Calfed's Harshfield Is Driving Hard to Achieve His Vision of a Turnaround
Zuckerman, Sam, American Banker
LOS ANGELES -- Six months after taking control of California Federal Bank, Edward G. Harshfield doesn't just run the institution -- he utterly dominates it.
During his brief tenure as chief executive of Los Angeles-based California Federal, Mr. Harshfield has indelibly stamped his brand on the nation's seventh-largest thrift.
He is close to completing one of the most ambitious turn-around exercises ever attempted in the savings industry. His five-part strategic plan promises to clean up a deeply troubled institution that was short of capital and burdened with bad loans. Mr. Harshfield says he will turn California Federal into a consistent money-maker.
By summer, when all elements of the plan are finished, California Federal will have "a healthy balance sheet and positive earnings that will gain a lot of momentum," predicted Campbell K. Chaney, a San Francisco-based analyst with Dakin Securities.
'He'll Crush You'
By virtually all accounts, this is a considerable feat. But to achieve it, the 57-year-old Mr. Harshfield has run roughshod over everything and everyone that has gotten in his way.
He contemptuously dismissed the appeals of shareholders who pressed for an early sale of the institution and complained that Mr. Harshfield's capital-raising initiatives diluted their holdings. He imposed his will on a fractious board, forcing one dissident director to resign and cowing another into silence.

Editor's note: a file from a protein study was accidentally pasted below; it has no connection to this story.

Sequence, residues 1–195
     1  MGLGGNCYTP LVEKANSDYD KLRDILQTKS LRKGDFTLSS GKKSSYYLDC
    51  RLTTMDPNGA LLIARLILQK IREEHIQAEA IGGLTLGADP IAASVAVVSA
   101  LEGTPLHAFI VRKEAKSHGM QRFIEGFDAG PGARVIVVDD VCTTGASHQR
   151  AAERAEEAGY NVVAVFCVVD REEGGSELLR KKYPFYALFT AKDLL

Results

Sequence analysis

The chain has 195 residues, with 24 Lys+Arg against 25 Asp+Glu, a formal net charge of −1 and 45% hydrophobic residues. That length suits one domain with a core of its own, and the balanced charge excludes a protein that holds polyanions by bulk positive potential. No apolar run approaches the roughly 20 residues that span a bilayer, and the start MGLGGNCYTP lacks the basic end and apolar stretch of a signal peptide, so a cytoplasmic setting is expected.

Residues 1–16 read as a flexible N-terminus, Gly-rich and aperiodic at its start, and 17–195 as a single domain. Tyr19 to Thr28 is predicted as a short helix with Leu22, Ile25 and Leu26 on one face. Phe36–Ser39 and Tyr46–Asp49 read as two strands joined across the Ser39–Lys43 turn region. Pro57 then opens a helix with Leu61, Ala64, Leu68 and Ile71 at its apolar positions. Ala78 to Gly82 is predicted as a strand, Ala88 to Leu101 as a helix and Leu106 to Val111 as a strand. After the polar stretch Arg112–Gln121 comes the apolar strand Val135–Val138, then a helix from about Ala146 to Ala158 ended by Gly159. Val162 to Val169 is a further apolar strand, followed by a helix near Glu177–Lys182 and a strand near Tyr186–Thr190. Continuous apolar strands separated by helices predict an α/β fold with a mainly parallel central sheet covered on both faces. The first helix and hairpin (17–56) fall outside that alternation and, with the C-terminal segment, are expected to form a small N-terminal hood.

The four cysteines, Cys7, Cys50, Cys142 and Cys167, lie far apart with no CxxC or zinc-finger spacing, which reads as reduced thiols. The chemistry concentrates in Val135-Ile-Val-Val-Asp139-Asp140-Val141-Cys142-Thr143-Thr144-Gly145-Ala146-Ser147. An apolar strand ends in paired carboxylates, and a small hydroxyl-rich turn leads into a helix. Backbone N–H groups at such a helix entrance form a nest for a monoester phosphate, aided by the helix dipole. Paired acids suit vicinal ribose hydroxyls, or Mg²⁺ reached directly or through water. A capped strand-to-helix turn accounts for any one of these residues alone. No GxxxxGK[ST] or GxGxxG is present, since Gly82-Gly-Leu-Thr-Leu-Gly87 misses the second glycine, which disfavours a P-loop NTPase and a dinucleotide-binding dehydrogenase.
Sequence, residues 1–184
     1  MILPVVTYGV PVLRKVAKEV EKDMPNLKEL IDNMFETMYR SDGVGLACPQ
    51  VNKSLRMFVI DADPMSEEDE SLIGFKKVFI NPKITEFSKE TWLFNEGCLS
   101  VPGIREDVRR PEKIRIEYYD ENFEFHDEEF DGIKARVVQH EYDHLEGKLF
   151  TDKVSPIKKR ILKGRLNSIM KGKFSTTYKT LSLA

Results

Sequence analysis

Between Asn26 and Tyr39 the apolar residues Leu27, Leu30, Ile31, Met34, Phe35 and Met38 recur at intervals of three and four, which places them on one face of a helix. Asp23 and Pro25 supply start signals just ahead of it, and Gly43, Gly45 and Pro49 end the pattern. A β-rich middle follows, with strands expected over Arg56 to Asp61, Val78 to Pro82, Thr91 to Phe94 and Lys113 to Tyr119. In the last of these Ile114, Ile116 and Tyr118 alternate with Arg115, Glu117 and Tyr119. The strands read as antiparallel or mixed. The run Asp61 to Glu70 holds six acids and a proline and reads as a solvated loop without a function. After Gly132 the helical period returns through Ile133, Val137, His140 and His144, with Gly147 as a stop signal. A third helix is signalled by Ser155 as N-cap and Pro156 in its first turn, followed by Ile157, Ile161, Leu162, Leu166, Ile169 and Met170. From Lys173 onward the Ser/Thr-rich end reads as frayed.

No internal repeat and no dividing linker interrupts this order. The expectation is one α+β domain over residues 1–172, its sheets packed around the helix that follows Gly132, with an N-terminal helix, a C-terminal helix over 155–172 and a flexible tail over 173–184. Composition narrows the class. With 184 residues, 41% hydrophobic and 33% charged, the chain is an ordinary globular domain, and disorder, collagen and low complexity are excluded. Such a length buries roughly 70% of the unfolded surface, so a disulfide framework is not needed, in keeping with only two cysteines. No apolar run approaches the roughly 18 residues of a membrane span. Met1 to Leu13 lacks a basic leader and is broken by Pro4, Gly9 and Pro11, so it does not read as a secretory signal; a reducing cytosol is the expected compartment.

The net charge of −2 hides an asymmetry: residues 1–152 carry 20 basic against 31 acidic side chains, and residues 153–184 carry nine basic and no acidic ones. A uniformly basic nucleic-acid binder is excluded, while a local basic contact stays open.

And he didn't merely elude the takeover campaign of Golden West Financial Corp. chairman and chief executive Herbert M. Sandler. He humiliated him by painting his Oakland-based rival as a cheapskate trying to steal California Federal at a fire-sale price.
"He bulldozed over the old shareholders," said one stockholder who asked not to be identified. "You are either with him or against him, and if you're against him he'll crush you."
But that same stockholder added that he had grudgingly come to admire the focus and determination of California Federal's CEO, noting, "You needed somebody as ruthless as him to accomplish what he has accomplished."
Recently, Mr. Harshfield vacated his opulent, wood-paneled CEO suite for a functional office bereft of trappings or personal adornments. In a recent interview there, he displayed the air of a bantam-weight Marine officer, brisk and no-nonsense, answering questions sharply, directly, and without a trace of self-doubt.
That is the face Mr. Harshfield always shows.
In recent presentations to potential investors, he was "down-to-earth, plain-spoken, with a slightly world-weary manner," recalled David Hilder, formerly an analyst with California Federal's investment bank, CS First Boston. "His message was, 'I've been through this drill before. I know how to do it.'"
In the interview, Mr. Harshfield played down talk of his control over the $15.3 billion-asset California Federal. He stressed the role of his fellow board members and senior managers, and called talk of domination an "unfair characterization."
"Am I a strong leader? Absolutely," he said. "Do I say what I think? Of course. But I don't think it is a question of domination. It is more a matter of persuasion through logic and sound conclusions."
Mr. Harshfield, whose resume includes stints at Household Financial Services and Citicorp, is a financial institution troubleshooter with close ties to regulatory agencies.
His most recent stops include Beverly Hills, Calif.-based Columbia Savings and Loan Association, which he ran after the Office of Thrift Supervision forced out previous management, and First City Texas National Bank, where he arrived after a 1992 federal takeover.
As for speculation that his goal is a top bank regulatory post, Mr. Harshfield admitted that he had thought seriously about the matter. But, he added, "I don't want it anymore. …